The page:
Education Creativity
James C. Kaufman
  • LAST REVIEWED: 21 April 2021
  • LAST MODIFIED: 15 December 2011
  • DOI: 10.1093/obo/9780199756810-0008


Although creativity has been debated and discussed by all types of scholars throughout history, it has only been since the 1950s that the topic has emerged as a genuine field of study. Most work on creativity typically revolves around one of the four Ps: process, person, product, or press (environment). In addition, there is typically a distinction made between Big-C (genius level) and little-c (everyday level). The emphasis on how creativity is approached often depends on the domain; most research on creativity in education focuses on little-c. “Hot” topics within the field include best practices for measurement; the question of domain specificity or domain generality (Is creativity one thing or many things?); and the relationship of creativity with other constructs, such as personality, motivation, and intelligence.

General Overviews

Some books take a broad approach to creativity, either reviewing the field or offering a different perspective. Runco 2007 focuses on the history of creativity research, whereas Sawyer 2006 emphasizes group creativity and the sociocultural mechanisms that can aid creativity. Kaufman 2009 takes an individual differences approach, discussing how creative people are alike or different. Weisberg 2006 and Finke, et al. 1992 take cognitive perspectives: Weisberg 2006 emphasizes problem solving and its underlying processes; Finke, et al. 1992 uses cognitive science to study how the mind creates. More all-encompassing reference works include the handbooks Sternberg 1999 and Kaufman and Sternberg 2010, as well as the encyclopedia Runco and Pritzker 1999. These three books have chapters or entries on nearly everything discussed in this bibliography.

  • Finke, Ronald A., Thomas B. Ward, and Steven M. Smith. 1992. Creative cognition: Theory research and applications. Cambridge, MA: MIT Press.

    Finke, Ward, and Smith’s Geneplore model is presented here. Generation, the “novel” part, is generating many different ideas. Exploration refers to evaluating these possible options and choosing the best one (or ones).

  • Kaufman, James C. 2009. Creativity 101. New York: Springer.

    Kaufman offers a primer on recent research in creativity, with an emphasis on individual differences (mental illness, gender and ethnicity, personality, motivation, and intelligence).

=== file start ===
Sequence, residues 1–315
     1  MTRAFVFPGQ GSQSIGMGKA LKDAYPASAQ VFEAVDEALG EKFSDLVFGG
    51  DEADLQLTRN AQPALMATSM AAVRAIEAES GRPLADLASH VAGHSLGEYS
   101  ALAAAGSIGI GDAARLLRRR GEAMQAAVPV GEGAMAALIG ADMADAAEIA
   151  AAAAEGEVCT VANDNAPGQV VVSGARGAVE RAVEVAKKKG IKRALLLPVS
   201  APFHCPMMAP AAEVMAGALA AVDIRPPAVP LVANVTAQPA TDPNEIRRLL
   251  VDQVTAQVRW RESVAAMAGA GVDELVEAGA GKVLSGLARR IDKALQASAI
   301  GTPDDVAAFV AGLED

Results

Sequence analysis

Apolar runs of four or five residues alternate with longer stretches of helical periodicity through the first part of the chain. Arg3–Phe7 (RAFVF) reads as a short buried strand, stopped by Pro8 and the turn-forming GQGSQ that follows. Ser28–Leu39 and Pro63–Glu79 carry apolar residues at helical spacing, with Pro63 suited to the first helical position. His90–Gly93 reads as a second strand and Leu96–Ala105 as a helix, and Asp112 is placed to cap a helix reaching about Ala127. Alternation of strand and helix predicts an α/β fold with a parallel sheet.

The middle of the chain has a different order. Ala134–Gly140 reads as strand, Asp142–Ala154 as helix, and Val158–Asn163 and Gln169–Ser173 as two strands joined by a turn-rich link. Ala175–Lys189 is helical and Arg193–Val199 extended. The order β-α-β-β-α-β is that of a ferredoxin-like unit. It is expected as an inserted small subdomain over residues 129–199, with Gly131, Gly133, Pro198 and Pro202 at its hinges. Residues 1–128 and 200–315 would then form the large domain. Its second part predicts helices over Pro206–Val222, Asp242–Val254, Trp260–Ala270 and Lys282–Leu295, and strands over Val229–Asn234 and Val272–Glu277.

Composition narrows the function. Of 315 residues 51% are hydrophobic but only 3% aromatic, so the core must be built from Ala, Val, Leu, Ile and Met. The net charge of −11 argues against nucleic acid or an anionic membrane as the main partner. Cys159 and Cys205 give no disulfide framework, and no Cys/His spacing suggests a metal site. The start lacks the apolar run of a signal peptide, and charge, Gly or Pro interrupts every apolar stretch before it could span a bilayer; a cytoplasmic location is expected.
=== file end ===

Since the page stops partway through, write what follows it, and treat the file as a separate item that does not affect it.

• Kaufman, James C., and Robert J. Sternberg, eds. 2010. The Cambridge handbook of creativity. New York: Cambridge Univ. Press.

    This handbook is focused both on how creativity has been perceived over time by different areas of study (including recent perspectives such as evolutionary psychology and neuroscience) and on hot topics (such as creativity and mental illness) that are still being debated.

  • Runco, Mark A. 2007. Creativity: Theories and themes; Research, development, and practice. San Diego, CA: Elsevier Academic.

    This book is designed to be a textbook of the field, with an emphasis on creativity’s rich history.

  • Runco, Mark A., and Steven R. Pritzker, eds. 1999. Encyclopedia of creativity. 2 vols. San Diego, CA: Academic Press.

    This two-volume encyclopedia covers a wide array of topics, from specific theories to empirical phenomena to individual creators.

  • Sawyer, R. Keith. 2006. Explaining creativity: The science of human innovation. Oxford: Oxford Univ. Press.

    Sawyer takes a sociocultural focus, arguing that creativity can be understood only in the social and cultural contexts in which it occurs. According to Sawyer, an idea that is creative in one sociocultural milieu might not be in another.

  • Sternberg, Robert J., ed. 1999. Handbook of creativity. Cambridge, UK: Cambridge Univ. Press.

    This handbook presents many key theories and reviews in the field, including key work by Csikszentmihalyi, Gruber, and Martindale. Even after more than a decade, it is still an outstanding reference.

  • Weisberg, R. W. 2006. Creativity: Understanding innovation in problem solving, science, invention, and the arts. Hoboken, NJ: Wiley.

    Weisberg argues that the thinking processes used by the average person when being creative are the same as those used by geniuses. Even if the final product may not be remembered for generations, we are all capable of productive and creative thought.

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